What kind of CSR makes sense for your company? Are there causes that already come to mind? Are there causes that you can support within your immediate local community or the surrounding communities you regularly spend time with? Find a cause that aligns with your company’s and workers’ values and become an organization that is active in being an “agent of social change.” Once you begin, keep going, and don’t become complacent. You can and should continue to build on the excellent work you started.
2. Bring employees into the brainstorm
Employees are passionate about initiatives that are designed for their benefit, and they’re incredibly passionate about purpose-driven CSR initiatives. So make sure you’re giving them a voice in the decision-making process. What issues do they care about? We know that Millennials and Gen Z-ers actively care about helping others through their work, so give them a chance to design their own social actions.
You could do this by standing up an ERG. Employee-driven, these initiatives often focus on diversity, inclusion, and belonging and are born out of actual needs and gaps within an organization.
For example, you could have an ERG focused on environmental causes. In the name of social responsibility, LEGO committed to reducing its box sizes by 14% about a decade ago, alongside a larger mission to make the toy industry more sustainable and inspiring for the next generation (LEGO plans to remove all single-use plastic packaging from its materials by 2025, for example). Could your employees aim to reduce paper waste in your office or focus on energy conservation?
3. Create team experiences that help
An excellent way to unite teams and empower employees to participate in social change is to volunteer together. Employees often don’t have time outside of work hours to volunteer. Providing the time and opportunities at work tells your people you care about what’s important to them and are willing to act on it.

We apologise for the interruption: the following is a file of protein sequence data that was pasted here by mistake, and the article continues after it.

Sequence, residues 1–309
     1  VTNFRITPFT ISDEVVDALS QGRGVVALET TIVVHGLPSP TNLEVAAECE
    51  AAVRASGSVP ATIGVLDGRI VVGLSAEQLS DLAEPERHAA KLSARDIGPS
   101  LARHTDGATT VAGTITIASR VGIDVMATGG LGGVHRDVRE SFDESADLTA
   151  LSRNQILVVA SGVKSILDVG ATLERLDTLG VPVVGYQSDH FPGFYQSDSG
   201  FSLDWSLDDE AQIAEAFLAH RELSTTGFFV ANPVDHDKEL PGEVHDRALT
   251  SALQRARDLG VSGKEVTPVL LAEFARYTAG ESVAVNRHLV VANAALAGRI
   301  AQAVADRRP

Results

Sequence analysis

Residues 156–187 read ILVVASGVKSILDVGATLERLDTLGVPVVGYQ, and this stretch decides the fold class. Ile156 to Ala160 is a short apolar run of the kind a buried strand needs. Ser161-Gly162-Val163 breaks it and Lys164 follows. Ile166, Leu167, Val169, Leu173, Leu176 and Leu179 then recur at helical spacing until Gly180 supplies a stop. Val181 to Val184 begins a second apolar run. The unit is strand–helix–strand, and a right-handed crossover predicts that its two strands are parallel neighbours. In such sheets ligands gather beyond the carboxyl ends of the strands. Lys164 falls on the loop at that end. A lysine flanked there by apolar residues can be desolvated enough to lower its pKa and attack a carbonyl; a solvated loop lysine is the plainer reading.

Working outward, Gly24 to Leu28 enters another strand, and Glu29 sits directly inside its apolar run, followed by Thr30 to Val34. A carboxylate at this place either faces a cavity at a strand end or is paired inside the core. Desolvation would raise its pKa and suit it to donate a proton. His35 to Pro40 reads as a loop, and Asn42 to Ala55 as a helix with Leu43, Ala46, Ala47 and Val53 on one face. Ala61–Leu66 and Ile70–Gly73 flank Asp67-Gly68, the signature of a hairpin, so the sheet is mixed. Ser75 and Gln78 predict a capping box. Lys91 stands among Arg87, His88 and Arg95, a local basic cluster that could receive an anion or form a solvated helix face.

Volunteering is a tremendous opportunity for employees and employers that too often gets overlooked. It allows organizations to support CSR and boost connections with customers, investors, and employees. For employees, it opens the door to improve or explore skills and even realize untapped leadership potential—not to mention that people are just happier when they can contribute to solving problems they care about.
The good news is that volunteering opportunities exist in every city, state, and country. There’s also a wide variety of activities available to choose from. Volunteering can bring your people together toward a shared goal, whether you’re helping soup kitchens, hosting food and toy drives, planting trees, or organizing events related to Black History Month or Pride events. It will likely be fun, too.
The campaign for increased corporate social responsibility is about helping communities and causes first and foremost. It can (and will) also have an impact on profitability, bottom lines, and how well organizations can keep their employees engaged and inspired in this new age of remote work. It’s the ultimate win-win situation.
This article was written by Sue Bingham and Gloria St. Martin-Lowry from Quartz and was legally licensed through the Industry Dive Content Marketplace. Please direct all licensing questions to email@example.com.